Will, I've actually be lucky this year with several jobs. One was a large hardware order which included 700 nails. I have gotten quite good at the movements of nail making. Now to work on speed and efficiency of movement. The same job also included 56 butterfly hinges, Both sides are the same, so not counting mistakes, I repeated the same set of movements 112 times. A summer job was making fire baskets balusters for an inside railing. So after forge welding 65 baskets together, I then scarfed and welded them to half inch stock. By the time I was done, I was pretty consistent in my forge welding. It's work like this, something that requires me to do the same task over and over again, that helps me develop my basic skills. What I want to do, is expand on this concept. Spend part of my time forging simple items, which let me do the same steps over and over again, but without the stress of it being part of a job. I'll still be taking commissions, but not as many. I trying to find a path that will let me take the commissions that pay my mortgage and at the same time, develop my skills.

You know, reading this, I just might be obsessing a wee bit :-)

Fair Winds
Gerald


Feral Metal's picture

Gerald, I am sure you are

Gerald, I am sure you are going to enjoy every minute of your journey and I applaud your enthusiasm, you have set high standards for yourself, (no mechanical or electrical aid) which will take a toll on your body but reward you in other ways,it is not for me, but I wish you well.
David.


Gerald Boggs's picture

No, I DO use electricity.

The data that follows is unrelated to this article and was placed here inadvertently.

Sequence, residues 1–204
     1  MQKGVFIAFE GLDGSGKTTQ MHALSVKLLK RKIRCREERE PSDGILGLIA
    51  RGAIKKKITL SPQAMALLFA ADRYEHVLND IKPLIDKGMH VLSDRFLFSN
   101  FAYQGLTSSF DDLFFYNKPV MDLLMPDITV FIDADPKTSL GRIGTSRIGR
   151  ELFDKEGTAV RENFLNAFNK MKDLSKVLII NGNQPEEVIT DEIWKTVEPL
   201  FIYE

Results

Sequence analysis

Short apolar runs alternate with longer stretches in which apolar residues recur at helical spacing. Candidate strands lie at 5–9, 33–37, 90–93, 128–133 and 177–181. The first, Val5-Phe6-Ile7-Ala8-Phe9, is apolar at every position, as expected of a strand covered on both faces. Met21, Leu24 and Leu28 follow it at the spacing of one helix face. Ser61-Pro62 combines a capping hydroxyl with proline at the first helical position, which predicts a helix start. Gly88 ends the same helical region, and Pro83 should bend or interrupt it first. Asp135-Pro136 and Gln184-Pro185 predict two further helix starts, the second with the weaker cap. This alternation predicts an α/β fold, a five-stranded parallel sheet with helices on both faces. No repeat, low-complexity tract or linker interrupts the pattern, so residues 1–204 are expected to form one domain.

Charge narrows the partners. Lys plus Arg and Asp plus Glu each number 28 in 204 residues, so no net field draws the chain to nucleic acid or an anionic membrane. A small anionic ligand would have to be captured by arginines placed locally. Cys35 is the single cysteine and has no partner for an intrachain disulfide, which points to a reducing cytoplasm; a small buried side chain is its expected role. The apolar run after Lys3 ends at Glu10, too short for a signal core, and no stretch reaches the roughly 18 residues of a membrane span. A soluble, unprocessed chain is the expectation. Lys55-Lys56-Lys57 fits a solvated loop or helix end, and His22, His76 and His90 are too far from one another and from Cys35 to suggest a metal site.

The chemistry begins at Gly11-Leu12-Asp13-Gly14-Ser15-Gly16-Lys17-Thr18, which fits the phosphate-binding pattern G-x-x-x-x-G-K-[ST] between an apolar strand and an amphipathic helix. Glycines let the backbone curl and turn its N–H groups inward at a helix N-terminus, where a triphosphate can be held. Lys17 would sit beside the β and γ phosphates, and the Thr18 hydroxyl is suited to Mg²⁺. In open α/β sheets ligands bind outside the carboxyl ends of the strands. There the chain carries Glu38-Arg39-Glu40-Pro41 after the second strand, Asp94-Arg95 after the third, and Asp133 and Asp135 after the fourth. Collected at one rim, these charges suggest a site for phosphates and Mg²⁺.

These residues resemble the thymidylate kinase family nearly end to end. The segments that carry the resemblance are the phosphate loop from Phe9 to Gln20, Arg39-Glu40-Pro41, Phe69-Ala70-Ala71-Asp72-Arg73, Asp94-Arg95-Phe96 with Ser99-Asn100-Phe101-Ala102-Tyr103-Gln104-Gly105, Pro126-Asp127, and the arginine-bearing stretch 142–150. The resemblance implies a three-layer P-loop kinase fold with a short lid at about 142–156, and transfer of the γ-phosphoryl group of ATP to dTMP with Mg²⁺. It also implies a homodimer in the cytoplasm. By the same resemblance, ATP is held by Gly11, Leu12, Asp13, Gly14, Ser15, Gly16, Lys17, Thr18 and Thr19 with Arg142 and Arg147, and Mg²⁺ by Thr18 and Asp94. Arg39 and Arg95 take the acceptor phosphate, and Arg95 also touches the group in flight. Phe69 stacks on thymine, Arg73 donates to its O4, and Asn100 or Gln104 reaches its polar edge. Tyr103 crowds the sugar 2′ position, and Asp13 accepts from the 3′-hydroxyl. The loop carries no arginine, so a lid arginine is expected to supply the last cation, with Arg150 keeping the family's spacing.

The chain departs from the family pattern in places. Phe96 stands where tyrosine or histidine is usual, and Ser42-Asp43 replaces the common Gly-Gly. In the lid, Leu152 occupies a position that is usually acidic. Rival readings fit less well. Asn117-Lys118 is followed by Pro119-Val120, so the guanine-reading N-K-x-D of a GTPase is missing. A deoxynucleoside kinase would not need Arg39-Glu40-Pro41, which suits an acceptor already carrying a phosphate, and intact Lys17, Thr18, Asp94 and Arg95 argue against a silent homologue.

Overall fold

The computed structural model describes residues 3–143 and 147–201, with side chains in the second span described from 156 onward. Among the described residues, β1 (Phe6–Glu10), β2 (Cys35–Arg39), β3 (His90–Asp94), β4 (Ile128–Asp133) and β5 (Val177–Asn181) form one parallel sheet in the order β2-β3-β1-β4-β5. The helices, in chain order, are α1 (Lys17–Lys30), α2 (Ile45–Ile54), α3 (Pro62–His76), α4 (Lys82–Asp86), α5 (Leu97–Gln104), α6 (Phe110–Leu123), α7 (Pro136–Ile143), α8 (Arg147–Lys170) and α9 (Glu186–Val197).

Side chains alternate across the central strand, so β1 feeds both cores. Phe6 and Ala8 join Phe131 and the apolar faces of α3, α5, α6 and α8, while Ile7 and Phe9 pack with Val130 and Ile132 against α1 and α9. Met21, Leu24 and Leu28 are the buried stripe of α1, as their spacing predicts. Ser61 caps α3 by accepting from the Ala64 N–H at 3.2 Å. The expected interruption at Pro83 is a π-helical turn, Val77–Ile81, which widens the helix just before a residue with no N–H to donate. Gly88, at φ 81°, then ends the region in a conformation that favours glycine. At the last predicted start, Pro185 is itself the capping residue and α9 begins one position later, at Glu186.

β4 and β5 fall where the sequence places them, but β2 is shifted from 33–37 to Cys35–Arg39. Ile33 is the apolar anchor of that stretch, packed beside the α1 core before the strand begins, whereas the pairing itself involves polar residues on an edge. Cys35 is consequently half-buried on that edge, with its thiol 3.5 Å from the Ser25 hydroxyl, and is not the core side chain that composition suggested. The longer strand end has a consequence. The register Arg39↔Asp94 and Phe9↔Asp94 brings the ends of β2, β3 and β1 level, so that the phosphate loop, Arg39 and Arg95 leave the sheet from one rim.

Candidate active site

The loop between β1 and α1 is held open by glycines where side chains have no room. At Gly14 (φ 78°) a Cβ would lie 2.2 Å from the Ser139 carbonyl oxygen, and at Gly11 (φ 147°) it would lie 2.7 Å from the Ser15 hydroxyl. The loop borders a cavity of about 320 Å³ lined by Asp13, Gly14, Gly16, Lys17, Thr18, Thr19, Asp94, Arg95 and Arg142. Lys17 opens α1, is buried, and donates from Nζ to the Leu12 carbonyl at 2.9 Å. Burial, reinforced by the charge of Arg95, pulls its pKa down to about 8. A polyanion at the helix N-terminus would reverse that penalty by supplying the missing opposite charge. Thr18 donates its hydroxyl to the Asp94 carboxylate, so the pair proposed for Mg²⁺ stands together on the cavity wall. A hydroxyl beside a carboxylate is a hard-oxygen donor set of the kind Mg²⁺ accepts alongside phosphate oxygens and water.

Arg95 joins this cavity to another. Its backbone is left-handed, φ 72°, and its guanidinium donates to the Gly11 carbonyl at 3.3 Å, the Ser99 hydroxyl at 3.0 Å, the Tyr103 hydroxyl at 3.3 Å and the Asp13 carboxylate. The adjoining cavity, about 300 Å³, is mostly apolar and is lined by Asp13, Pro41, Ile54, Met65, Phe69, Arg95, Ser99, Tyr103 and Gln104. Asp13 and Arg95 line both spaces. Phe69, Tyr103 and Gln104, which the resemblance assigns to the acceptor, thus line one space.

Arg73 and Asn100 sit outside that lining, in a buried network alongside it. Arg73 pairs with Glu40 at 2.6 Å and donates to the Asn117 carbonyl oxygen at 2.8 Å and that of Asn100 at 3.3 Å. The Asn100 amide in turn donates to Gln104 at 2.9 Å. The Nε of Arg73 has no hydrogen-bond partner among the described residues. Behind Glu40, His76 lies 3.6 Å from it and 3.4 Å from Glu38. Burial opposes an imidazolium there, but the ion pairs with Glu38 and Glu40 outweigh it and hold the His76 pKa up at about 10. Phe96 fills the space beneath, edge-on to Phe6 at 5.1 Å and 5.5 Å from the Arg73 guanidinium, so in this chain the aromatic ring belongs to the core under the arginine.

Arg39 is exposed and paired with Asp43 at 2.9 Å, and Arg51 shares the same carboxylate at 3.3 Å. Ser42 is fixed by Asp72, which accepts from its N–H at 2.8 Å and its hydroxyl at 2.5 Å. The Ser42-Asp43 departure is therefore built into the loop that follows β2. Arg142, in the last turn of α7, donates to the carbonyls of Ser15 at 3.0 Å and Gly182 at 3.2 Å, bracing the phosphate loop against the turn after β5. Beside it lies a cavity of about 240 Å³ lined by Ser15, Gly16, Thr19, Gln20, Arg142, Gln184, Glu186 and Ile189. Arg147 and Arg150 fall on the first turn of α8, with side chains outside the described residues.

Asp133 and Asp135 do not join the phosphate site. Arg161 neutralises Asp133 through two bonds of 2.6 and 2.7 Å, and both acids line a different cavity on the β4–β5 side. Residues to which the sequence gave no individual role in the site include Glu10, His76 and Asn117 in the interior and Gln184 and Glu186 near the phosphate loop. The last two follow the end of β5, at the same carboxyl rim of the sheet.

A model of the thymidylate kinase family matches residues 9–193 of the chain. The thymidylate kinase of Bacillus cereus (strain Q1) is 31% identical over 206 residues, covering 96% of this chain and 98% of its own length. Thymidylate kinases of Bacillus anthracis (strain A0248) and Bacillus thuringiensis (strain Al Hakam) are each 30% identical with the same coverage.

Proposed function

No, I DO use electricity. My forge blower is electric and for many small holes, really anything under a 1/4 inch, I drill. I even use a welder from time to time, sometimes a client wants a design that can only be done with more modern tools. But yes, most of the time I work sans modern tooling. Although after I textured sixty feet of 1 1/2 by 1/2 inch cap rail by hand, I really started to think about getting a small power hammer. :-)

Fair Winds
Gerald


Jeremy K's picture

Gerald - good thread subject

I have found that very repetative movements lead to faster movements that lead to more precise movements, etc,etc. That holds true to a point. I welded in a production setting for a machine shop, my job was driven by the want(managment) to get my parts out as fast as possible. I found this process to be true and workable like I said to a point. That's all fine but as it's been said - we like to have fun also during the forging process - I do too. My goal in any forging is to set upon a decision to make or do a process and succeed. Granted I'm NOT the best and it may take more than one try many times to get it to my satisfaction, but eventually I get to were I want. During the whole time there may be a few grumbles, as I'm sure all of use have done, but I enjoy taking a stubbornly tough piece of steel and going against all it's wants and heating it up and shaping it the way I want it to be. This is a never ending learning process. - I love it - and will continue till I cannot forge ahead anymore. I think I'm rambling a bit - Keep on forging everyone and HAVE FUN!!! - JK